Wednesday's ruling from the European Commission cleared up some uncertainty about the punishment that will be levied on Microsoft for its alleged anticompetitive behavior in Europe. But considering the size of the fine and potential disruption to the company--and the PC market as a whole--the details were surprisingly sparse.
As of late Wednesday, the European Commission had issued only a summary of its decision. The result is that there may be different interpretations of how the decision will affect Microsoft, consumers and competitors. For example:
Q: If Microsoft is eventually forced to offer a separate version of Windows without a Media Player, what can it charge compared with the version that has the Media Player?
A: In its statement, the European Union said that Microsoft "must refrain from using any commercial, technological or contractual terms that would have the effect of rendering the unbundled version of Windows less attractive or performing." In particular, the commission said that Microsoft cannot give PC makers a discount for choosing the version with the Media Player.
Microsoft's interpretation is that it cannot charge more for the version without the Media Player, but it can charge the same for both. "They will cost exactly the same amount of money. One will do more, one will do less," Microsoft lawyer Brad Smith said. The commission did not spell out how it defined "less attractive."
What type of information regarding servers does Microsoft have to disclose, and how is that different than what the company is required to do under the U.S. consent decree?
In general, Microsoft said, the EU order goes beyond what the company already does in the United States. In particular, the U.S. agreement deals with allowing other companies' server software to connect to PCs running Windows.
Microsoft executives said the EU ruling also requires the company to allow rival servers to interoperate with its servers. Smith likened it to forcing a newspaper to share its articles with a rival. The European Commission stressed in its ruling that its order would not require Microsoft to share underlying source code, only the kind of hooks that would allow the servers to talk to one another. In any case, the company said it needs to see the final ruling to know what type of information it must share.
Does the ruling apply globally or only in Europe?
While Microsoft said the European Union's actions appear to be confined to its borders, attorneys for competitors have said the commission could theoretically try to apply the restrictions elsewhere in the world. The commission's statement Wednesday was not specific about geographical reach, however. Historically, Microsoft has tended to have one global business practice, so there is a chance that when all is said and done, any EU-mandated changes could be worldwide.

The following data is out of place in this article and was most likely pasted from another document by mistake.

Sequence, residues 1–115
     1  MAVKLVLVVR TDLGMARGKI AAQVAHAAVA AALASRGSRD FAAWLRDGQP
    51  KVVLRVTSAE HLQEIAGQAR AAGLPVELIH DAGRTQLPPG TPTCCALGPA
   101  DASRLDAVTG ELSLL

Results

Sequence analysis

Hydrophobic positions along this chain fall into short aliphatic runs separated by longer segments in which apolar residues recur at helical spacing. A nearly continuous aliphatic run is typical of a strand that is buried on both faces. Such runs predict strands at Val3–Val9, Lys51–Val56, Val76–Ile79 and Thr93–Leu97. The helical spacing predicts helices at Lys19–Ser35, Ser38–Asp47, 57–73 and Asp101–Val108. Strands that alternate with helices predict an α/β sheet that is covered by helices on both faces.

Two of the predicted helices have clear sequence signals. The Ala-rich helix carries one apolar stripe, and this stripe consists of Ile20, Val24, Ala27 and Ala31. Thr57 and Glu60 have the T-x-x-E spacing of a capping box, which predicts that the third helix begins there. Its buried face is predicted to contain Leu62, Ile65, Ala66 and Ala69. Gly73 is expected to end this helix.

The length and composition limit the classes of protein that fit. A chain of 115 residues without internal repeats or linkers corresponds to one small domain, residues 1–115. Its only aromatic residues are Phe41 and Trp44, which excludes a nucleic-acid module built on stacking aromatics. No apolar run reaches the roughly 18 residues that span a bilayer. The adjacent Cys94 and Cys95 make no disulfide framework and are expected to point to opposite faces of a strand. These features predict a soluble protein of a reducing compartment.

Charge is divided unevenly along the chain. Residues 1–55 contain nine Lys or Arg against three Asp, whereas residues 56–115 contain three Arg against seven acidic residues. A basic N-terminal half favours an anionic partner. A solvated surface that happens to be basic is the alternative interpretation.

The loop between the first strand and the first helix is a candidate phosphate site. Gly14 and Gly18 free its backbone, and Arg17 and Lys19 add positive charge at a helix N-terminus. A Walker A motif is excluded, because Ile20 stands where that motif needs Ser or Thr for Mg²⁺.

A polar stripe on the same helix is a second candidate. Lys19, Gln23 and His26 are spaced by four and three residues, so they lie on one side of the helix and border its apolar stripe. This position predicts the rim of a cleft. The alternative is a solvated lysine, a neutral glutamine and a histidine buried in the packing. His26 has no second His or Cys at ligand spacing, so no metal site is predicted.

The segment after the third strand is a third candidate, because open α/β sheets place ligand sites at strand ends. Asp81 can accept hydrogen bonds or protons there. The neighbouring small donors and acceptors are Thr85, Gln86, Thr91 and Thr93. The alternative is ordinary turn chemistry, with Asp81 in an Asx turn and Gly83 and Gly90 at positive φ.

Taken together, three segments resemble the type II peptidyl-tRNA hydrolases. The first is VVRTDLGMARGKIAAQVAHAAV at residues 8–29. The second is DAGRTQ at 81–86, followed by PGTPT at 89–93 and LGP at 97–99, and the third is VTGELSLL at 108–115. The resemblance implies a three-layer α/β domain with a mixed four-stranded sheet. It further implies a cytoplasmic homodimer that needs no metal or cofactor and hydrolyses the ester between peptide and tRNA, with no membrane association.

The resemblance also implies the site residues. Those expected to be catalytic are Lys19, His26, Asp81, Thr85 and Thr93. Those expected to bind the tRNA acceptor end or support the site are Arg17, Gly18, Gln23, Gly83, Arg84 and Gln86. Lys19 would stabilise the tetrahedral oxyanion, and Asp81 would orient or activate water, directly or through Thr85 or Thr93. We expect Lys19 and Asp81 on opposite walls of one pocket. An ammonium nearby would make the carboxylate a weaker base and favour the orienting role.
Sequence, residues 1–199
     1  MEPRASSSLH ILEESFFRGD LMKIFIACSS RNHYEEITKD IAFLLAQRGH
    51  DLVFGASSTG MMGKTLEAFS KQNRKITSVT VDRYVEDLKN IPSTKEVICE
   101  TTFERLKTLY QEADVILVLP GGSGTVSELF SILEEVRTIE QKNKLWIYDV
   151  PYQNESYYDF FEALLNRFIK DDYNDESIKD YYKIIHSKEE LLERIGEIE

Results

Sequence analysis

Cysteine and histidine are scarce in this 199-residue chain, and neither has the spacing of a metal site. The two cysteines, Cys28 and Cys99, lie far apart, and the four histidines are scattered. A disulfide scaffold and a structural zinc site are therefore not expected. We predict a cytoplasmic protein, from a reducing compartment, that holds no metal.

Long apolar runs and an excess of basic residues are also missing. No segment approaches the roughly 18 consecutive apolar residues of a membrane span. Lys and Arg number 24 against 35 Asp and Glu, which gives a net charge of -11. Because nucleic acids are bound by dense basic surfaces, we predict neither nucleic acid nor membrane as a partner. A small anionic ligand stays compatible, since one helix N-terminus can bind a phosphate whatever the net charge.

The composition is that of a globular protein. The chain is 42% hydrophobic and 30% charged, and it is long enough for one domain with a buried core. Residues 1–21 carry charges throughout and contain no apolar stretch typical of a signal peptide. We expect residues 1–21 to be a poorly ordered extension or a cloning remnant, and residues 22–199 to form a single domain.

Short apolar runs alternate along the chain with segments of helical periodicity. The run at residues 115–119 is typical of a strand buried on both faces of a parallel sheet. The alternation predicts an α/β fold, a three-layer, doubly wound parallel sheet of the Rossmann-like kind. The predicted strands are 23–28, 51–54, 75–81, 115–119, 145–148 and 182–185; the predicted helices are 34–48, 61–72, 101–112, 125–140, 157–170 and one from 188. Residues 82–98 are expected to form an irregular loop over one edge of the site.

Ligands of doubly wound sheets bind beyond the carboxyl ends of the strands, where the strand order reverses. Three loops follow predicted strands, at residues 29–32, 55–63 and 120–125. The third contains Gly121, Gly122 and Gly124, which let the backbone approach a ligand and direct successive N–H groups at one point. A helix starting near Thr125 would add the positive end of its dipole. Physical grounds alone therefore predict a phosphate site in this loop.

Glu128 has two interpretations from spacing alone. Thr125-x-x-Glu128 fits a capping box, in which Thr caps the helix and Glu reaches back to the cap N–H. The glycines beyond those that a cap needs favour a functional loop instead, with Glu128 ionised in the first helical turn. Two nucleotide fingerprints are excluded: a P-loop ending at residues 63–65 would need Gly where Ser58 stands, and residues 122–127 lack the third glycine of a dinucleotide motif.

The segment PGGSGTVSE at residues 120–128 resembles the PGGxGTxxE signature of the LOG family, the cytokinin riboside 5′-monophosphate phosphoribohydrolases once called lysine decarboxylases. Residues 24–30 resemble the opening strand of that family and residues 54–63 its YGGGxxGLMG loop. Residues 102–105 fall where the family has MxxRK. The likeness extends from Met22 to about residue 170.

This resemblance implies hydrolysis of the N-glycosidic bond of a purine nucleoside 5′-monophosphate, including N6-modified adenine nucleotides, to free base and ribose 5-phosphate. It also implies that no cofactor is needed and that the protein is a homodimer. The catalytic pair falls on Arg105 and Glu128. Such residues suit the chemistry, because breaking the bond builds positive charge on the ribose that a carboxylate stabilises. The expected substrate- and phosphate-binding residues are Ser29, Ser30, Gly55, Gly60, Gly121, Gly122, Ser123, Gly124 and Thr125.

The server aspect also could turn out to be more of a global issue. If Microsoft is forced to disclose information that makes it easier to connect with its servers, it is not clear how that would be limited to a geographic region.
What impact will the ruling have on future product development?
Microsoft CEO Steve Ballmer stated that the company is "not doing anything different than we were yesterday in terms of how we think about new design." That said, the company noted that it needs to better understand the EU ruling to know how it might affect future projects, including Longhorn, the upcoming version of Windows that will offer better searching capabilities along with a host of other new features. Microsoft said it already consults lawyers on its product development plans, so it is unclear whether the company will have to do anything different. The key question is whether the European Commission is applying a different standard to what types of features can be added to the operating system.
Could the EU decision spur other legal actions against Microsoft?
It's not yet clear what other legal actions may develop. As in the United States, the commission's five-year scrutiny and presumably detailed findings could serve as compelling evidence in private lawsuits against Microsoft. However, because Europe's court system does not encourage consumer class-action suits in the same way that the U.S. system does, experts say this type of follow-up is unlikely.
Private lawsuits from other companies are possible. Multimedia software company RealNetworks has said that it is focusing on its U.S. lawsuit for now, but it has not ruled out a similar suit in Europe. In a press conference Wednesday, Competition Commissioner Mario Monti specifically cited his ruling as an indirect deterrent to future Microsoft abuses "to the extent that the decision...may be used in the context of private actions against the company."
What about the EU's other pending investigations?
The commission's report gave no hint of what may be happening in regulators' other pending investigations into Microsoft. One of these stems at least in part from a grievance filed by the U.S.-based Computer and Communications Industry Association, which includes far-reaching complaints about the XP operating system extending Microsoft's power with new features. Other reports have noted that the commission is investigating Microsoft's contracts with PC makers.